I-Team: Lessons from Parkland shooting motivate new SBI threat unit

RALEIGH, N.C. (WTVD) -- Its mission mirrors that of national intelligence: evaluate several sources to gain a competitive advantage against outside threats to the homeland.

In this case, however, the homeland is North Carolina, and the threats are emanating from within the community.

"The unit itself is all about connecting the dots," Robert Schurmeier, Director of the State Bureau of Investigation , told the ABC11 I-Team. "If the trigger is pulled, there's a failure."

Schurmeier is a leading force behind the creation of the SBI's new Behavioral Threat Assessment Unit, or BeTA, which officially went into operation in April.

According to Schurmeier, much of the motivation for BeTA's mission comes from the lessons of the 2018 mass shooting at Stoneman Douglas High School in Parkland, Florida.

"What got our attention was there were 40-some instances where that individual got in contact with law enforcement," Schurmeier said of the suspect arrested and charged with the shooting. "What galvanized us was watching that sheriff try to tell the public we were aware of this but the shooting happened anyway."

Though still in its infancy, BeTA already boasts a roster of six full-time agents, including intelligence analysts, a general counsel and a staff psychiatrist -- the first ever on the SBI payroll.

An additional 18 special agents have participated in relevant training to assess and understand behavioral stressors and patterns.

"We get referrals from DAs, we get referrals from school systems, we get referrals from the public, we get referrals from law enforcement," Schurmeier said. "We don't argue that this is a perfect solution or the only solution. It's not. It's identifying the threats and then for those individuals who seem to be on the pathway to mass violence, we determine what the stressors are, and we do our best to knock them off the path to mass violence."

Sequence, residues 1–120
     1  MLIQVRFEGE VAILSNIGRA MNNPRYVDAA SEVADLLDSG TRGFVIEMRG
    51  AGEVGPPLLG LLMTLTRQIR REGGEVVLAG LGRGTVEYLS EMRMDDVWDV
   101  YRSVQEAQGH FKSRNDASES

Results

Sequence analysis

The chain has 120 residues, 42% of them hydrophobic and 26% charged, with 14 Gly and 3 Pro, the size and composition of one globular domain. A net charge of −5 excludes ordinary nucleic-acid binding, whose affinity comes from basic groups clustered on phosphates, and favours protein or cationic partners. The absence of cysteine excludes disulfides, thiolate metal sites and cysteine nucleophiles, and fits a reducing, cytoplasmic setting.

To date, Schurmeier said BeTA has opened 48 cases since the spring, resulting in a handful of arrests. Criminal charges, however, are not the desired end game, Schurmeier said.

"When we interview (individuals), it's not a criminal interview like we're coming in coming to make a case against them criminally. We talk with them, we talk with their family. We're there if they need services, if they need treatment, if they need someone just to sit down and listen to them," he said.

Special Agent Brian Neil, a member of the BeTA Unit, said agents look well beyond social media when it comes to identifying potential cases.

"Just one behavior doesn't mean someone is going to hurt somebody," Neil told ABC11. "It would be a number of these behaviors and looking at their home environments, looking at how they are at school. We want this to be a voluntary program. We want buy-in from the families, from the people we're talking about."

Neil added that in prior mass-violence cases across the country, some suspects' behavior could have been indicators as early as two years before the incident.

"We're looking at identifying this person if they're on a pathway to violence and we want to get them off that pathway," Neil said. "We want to find resources they need and get them changed and whatever grievance it is find it, identify it and help them get away from it and find solutions and resolutions so they can go forward in their life."

The BeTA Unit joins a full team of public-safety entities devoted to school safety in time for the 2019-2020 school year.

The I-Team this month also profiled the State Emergency Response Application (SERA) and the role it plays in critical incidents such as mass violence.

"We saw the tragedy in Parkland, Florida, we saw the tragedy right here in Charlotte," Secretary of Public Safety Erik A. Hooks told the I-Team in an exclusive interview. "What I have seen is a convergence of will where we see families, students, legislators and executive branch all offering initiatives and discussing this matter."

For questions about BeTA and to speak with agents about potential cases, please call (888)-NCISAAC (624-7222).
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